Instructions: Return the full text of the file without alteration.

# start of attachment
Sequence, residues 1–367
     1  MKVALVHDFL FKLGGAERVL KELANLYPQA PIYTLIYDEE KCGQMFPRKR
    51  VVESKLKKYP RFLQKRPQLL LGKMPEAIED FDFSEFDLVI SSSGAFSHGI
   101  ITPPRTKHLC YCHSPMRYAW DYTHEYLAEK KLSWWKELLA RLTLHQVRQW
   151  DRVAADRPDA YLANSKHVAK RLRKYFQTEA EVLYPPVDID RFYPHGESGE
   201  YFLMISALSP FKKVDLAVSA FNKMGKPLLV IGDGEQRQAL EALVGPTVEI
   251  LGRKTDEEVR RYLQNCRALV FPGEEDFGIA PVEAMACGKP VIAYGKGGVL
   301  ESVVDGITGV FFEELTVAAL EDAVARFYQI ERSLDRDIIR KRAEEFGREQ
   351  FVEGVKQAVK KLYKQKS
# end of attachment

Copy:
Sequence, residues 1–367
     1  MKVALVHDFL FKLGGAERVL KELANLYPQA PIYTLIYDEE KCGQMFPRKR
    51  VVESKLKKYP RFLQKRPQLL LGKMPEAIED FDFSEFDLVI SSSGAFSHGI
   101  ITPPRTKHLC YCHSPMRYAW DYTHEYLAEK KLSWWKELLA RLTLHQVRQW
   151  DRVAADRPDA YLANSKHVAK RLRKYFQTEA EVLYPPVDID RFYPHGESGE
   201  YFLMISALSP FKKVDLAVSA FNKMGKPLLV IGDGEQRQAL EALVGPTVEI
   251  LGRKTDEEVR RYLQNCRALV FPGEEDFGIA PVEAMACGKP VIAYGKGGVL
   301  ESVVDGITGV FFEELTVAAL EDAVARFYQI ERSLDRDIIR KRAEEFGREQ
   351  FVEGVKQAVK KLYKQKS